Oblong folio, [35.1 x 21.6 cm], 479 single-sided wallpaper samples, 419 of which are numbered 1001-1434 with an ink stamp on verso and 60 of which are unnumbered half-size sheets (missing are numbers 1012, 1076, 1114, 1116, 1117, 1176, 1177, 1197, 1205, 1265, 1368, 1369, 1375, 1426, 1427). Bound in red buckram, leaves secured by two metal rivets, title gold stamped on upper cover. Upper cover loosely secured by buckram covering, minor rubbing to boards, some wear to edges and corners, advertisement for Quellhyd glue pasted inside upper cover. Some plates with minor toning from adjacent leaves, some plates with transfer from verso ink numbering, a few samples torn (1428, 1432 and 1434), some samples with pasted on mock-up design leaves (1094, 1100, 1227, 1229, 1243, 1249), very minor edge wear here and there. Overall excellently preserved with colors perfectly fresh.
Remarkable volume of block-printed wallpaper samples from 1920s Paris, a collection of 479 examples of this decorative art showcasing both traditional designs and the most current (and often wonderfully garish) art deco styles. The volume, stamped L. D. M. Paris on its upper cover, is an archive of Roaring Twenties wallpapers decorated with stripes, geometrical designs, floral and fruit motifs, landscapes, pastoral scenes, classical and oriental motifs, and animal designs. A wide variety of printing techniques and paper stocks are used, with many examples printed with glittering gold and silver inks and in dazzling colors. Some 60 of the designs are paired with half-sheets suggesting coordinating friezes, borders, or mouldings. To a handful of the designs have been pasted black-and-white printed mock-ups of how such pairings might look on the wall.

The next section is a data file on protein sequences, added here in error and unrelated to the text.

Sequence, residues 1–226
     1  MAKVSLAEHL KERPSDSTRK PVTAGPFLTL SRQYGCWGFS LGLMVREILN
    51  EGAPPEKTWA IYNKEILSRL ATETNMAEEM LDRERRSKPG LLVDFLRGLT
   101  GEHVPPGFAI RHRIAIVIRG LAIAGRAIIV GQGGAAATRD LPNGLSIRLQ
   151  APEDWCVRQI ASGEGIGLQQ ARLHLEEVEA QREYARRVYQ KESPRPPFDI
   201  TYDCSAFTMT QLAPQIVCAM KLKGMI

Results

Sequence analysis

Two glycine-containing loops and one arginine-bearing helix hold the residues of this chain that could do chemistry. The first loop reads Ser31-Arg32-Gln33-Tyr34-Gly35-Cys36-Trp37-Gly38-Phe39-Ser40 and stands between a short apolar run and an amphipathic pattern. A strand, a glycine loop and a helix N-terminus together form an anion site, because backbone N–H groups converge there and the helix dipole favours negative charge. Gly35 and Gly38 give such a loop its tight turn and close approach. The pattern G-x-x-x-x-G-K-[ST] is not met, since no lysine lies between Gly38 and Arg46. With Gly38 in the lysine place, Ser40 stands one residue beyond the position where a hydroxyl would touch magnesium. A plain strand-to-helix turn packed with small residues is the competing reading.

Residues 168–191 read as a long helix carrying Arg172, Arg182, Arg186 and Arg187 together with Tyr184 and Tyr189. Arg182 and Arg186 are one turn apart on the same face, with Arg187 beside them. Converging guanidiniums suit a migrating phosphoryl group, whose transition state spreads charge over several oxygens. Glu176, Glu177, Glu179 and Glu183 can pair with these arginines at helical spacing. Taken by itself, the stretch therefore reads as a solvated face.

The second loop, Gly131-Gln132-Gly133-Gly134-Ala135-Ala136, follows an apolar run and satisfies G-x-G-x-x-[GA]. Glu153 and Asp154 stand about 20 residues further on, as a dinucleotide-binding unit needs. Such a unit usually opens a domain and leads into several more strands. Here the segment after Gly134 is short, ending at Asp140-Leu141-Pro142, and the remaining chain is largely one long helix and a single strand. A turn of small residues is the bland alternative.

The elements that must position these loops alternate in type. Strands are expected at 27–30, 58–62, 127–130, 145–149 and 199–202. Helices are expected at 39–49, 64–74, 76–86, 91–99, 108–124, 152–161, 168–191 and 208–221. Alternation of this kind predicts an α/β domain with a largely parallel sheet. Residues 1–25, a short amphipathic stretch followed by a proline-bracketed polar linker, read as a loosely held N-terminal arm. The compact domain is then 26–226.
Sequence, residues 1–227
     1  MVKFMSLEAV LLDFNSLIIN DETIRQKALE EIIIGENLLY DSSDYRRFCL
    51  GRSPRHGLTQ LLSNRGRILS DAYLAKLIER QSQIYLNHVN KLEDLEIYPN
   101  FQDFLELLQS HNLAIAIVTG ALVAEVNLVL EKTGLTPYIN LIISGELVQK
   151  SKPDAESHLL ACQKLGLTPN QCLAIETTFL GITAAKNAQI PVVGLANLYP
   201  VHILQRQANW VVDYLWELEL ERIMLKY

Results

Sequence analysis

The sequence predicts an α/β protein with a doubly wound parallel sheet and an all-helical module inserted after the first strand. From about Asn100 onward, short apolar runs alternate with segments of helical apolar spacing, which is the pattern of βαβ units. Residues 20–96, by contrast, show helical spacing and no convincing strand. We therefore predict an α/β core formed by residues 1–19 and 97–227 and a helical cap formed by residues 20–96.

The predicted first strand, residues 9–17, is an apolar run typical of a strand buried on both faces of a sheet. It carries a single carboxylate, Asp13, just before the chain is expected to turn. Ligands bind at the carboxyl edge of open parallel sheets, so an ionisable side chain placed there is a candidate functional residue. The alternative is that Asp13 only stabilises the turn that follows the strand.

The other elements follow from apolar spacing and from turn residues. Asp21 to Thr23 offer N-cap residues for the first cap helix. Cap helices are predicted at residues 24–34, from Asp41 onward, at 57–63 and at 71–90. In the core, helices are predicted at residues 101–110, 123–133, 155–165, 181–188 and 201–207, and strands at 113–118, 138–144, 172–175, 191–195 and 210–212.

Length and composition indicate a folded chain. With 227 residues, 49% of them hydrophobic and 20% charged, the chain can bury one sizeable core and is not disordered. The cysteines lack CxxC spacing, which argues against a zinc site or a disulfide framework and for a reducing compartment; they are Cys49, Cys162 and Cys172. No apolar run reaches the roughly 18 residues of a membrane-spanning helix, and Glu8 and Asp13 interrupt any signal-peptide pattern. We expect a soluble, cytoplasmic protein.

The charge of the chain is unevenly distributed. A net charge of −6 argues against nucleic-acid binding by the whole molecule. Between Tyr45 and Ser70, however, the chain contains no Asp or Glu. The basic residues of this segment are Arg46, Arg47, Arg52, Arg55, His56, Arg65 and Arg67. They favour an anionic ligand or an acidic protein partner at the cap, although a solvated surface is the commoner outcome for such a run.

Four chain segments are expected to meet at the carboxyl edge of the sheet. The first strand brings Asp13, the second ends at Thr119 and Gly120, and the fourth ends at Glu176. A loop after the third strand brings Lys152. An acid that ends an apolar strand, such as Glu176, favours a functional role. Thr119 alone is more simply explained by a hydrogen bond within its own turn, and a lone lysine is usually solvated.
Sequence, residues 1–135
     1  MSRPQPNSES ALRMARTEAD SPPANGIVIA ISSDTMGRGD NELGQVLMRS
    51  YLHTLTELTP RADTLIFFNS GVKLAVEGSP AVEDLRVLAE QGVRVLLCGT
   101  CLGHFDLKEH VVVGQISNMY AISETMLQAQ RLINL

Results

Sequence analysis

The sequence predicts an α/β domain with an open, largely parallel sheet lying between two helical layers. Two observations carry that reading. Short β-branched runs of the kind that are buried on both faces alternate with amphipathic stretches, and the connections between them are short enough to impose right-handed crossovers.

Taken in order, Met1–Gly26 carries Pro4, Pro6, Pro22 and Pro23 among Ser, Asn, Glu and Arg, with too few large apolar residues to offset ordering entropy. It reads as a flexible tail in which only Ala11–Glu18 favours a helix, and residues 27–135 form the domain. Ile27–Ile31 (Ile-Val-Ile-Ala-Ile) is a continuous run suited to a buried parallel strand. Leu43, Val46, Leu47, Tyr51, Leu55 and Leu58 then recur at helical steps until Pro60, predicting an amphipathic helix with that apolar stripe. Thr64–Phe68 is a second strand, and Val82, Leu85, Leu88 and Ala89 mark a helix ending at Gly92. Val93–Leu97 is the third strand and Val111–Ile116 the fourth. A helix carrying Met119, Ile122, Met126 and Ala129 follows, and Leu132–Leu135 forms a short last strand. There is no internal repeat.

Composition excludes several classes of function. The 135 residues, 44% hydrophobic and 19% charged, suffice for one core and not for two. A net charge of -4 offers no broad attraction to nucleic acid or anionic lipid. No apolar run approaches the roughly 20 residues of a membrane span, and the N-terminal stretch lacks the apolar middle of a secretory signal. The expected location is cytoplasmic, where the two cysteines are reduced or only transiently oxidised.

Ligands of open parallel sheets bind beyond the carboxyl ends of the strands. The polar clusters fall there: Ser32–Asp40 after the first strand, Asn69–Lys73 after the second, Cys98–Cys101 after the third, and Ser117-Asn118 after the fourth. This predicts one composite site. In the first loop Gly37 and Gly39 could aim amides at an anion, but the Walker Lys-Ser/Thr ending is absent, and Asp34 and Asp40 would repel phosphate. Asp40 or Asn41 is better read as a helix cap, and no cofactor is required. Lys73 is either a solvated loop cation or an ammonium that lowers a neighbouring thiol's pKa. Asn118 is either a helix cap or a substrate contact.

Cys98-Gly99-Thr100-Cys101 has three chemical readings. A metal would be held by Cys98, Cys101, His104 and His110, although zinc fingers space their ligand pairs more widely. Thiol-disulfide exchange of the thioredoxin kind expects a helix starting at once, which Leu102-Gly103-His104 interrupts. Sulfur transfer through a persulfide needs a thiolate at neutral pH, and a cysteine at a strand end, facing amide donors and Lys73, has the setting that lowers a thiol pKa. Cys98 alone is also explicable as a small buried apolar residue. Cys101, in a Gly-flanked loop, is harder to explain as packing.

Leaves are inked stamped on their versos with consecutive reference numbers and short labels about usage (frise assortie, cretonne assortie, toile assortie, combinaison, plafond). At the edge of some sheets are printed details about origin (e.g., Fabrication française) or design titles (e.g., Vigne vierge). A few samples are marked as being washable (lavable “sana”). It must be surmised that the sampler collects examples from several producers, but specific evidence of a manufacturer can be found only on a few sheets, and those refer to the famous Zuber & Co. factory in Rixheim, a firm still in operation today and perhaps the last company still making block-printed papers and fabrics in this manner (see samples 1136, 1220, and 1221, labeled “Zuber & Cie (Alsace)”). As elegant as these Zuber examples are, perhaps the most intriguing design in the sampler is that stamped number 1264: It depicts (rather freely) Charlie Chaplin in his famous scene from The Kid (1921) in which the Little Tramp tries to feed the foundling (precariously hanging from a miniature hammock) using the spout of a teakettle; the design was presumably intended for the walls of a nursery decorated by movie-going parents. An adjacent sample depicts the young Breton housemaid Bécassine, the first female protagonist in the history of comics (perhaps from L’enfance de Bécassine ).